Strengths and weaknesses of Utilitarianism

Utilitarianism is an ethical consequential theory that provides an appealing assumption (pleasure, goodness, and happiness) for judging acts. It looks at morality as a social continuum to individuals’ natural tendencies and desires. It focuses on the practices contributing to happiness and not on natural rights or norms (Willem, 2005). LaFave (2006) described five principal objections to Utilitarianism. The first is that Utilitarianism is a straightforward pleasure-seeking theory. The second objection is Utilitarianism asks individuals to put the group’s goodness before their individual’s (a demanding societal component of the theory). The third objection is that the theory overlooked that an individual’s inherent motives and indigenous values can lead to immoral and unjust actions. This is related to the fourth objection that is, although happiness is a human ultimatum. Yet, the absence of objective measurements and provision of subjective meaning that lacks authorization may lead to immoral and unjust actions. Finally, LaFave (2006) suggested that it may take too much time to work out a utility for each case.


Utilitarianism is an ethical consequential theory that is based on the principle of utility, which recognizes that goodness means to bring the greatest happiness to the greatest number of individuals. The amount of criticism compared to supporting arguments suggest there are some unfavorable features, which further changes and adjustments of the principal have failed to address.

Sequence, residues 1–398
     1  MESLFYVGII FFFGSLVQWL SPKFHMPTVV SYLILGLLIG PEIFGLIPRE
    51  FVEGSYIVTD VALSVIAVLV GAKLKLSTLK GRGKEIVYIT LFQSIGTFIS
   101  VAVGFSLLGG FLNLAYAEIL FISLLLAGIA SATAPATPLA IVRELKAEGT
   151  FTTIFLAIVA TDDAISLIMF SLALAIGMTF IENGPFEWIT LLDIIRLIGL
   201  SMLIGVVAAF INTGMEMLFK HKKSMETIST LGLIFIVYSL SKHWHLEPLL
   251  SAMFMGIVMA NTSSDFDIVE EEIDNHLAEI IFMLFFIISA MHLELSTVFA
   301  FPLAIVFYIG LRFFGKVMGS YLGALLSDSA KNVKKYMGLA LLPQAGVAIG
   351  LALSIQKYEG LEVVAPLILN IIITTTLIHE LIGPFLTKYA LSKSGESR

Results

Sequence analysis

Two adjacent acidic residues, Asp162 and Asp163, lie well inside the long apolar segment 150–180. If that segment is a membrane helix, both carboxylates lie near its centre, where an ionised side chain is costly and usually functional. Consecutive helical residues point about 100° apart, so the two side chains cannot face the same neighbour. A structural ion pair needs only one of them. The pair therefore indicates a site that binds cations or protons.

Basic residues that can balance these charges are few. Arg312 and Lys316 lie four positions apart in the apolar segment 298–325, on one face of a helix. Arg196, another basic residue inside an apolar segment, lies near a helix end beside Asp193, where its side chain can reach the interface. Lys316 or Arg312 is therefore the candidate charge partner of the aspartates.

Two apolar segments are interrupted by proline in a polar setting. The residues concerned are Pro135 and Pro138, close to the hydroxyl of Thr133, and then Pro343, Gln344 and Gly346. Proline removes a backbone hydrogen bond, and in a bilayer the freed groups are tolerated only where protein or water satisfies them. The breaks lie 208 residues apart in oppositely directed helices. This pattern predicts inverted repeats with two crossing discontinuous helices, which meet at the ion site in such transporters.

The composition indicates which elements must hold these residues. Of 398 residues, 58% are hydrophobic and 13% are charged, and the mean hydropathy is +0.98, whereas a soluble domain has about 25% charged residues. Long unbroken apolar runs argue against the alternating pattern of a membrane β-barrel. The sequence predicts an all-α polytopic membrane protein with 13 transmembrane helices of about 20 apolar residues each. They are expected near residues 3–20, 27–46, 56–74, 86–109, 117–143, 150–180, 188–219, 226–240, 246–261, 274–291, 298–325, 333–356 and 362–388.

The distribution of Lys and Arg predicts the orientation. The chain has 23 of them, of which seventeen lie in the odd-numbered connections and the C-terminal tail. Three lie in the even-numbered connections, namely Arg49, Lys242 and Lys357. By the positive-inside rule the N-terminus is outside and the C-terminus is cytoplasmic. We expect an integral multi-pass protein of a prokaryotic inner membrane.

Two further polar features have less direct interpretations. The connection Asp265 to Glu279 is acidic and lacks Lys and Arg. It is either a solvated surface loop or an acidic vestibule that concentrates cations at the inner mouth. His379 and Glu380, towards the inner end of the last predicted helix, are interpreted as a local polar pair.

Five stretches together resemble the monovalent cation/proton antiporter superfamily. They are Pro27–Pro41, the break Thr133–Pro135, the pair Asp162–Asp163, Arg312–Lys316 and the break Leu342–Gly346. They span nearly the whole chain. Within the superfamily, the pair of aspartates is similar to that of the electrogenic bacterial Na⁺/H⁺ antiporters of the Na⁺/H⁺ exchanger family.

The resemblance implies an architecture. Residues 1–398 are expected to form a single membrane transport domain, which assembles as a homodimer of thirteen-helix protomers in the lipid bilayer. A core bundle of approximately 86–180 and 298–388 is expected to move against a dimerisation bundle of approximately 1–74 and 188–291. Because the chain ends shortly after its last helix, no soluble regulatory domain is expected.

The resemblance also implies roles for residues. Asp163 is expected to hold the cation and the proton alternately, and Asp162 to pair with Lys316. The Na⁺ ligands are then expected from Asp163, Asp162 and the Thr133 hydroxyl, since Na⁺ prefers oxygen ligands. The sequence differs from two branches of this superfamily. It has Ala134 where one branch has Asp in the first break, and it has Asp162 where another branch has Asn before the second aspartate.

Blackorby, C., Bossert, W., and Donaldson, D. (1999). Utilitarianism and the theory of justice. Web.

Carruthers, P. (n.d.). 140: Matters of life and death – 4 – Utilitarianism and justice.

Jackson, K., B. (n.d.). Act-Utilitarianism. Web.

LaFave, S. (2006). Utilitarianism. Web.

Prevos, P. (2004). Rule and Act Utilitarianism. Web.

Ross, K. L. (2005). The Mummy’s Curse: Jeremy Bentham (1748-1832.

Willem, V W., M. (2005).Equal opportunity and liberal equality. Unpublished doctoral dissertation, University of Johannesburg.

Cite this paper


NerdyBro. (2022, June 7). Bentham’s Utilitarianism and Justice. Retrieved from


NerdyBro. (2022, June 7). Bentham’s Utilitarianism and Justice.

Work Cited

"Bentham’s Utilitarianism and Justice." NerdyBro, 7 June 2022,


NerdyBro. (2022) 'Bentham’s Utilitarianism and Justice'. 7 June.


NerdyBro. 2022. "Bentham’s Utilitarianism and Justice." June 7, 2022.

1. NerdyBro. "Bentham’s Utilitarianism and Justice." June 7, 2022.


NerdyBro. "Bentham’s Utilitarianism and Justice." June 7, 2022.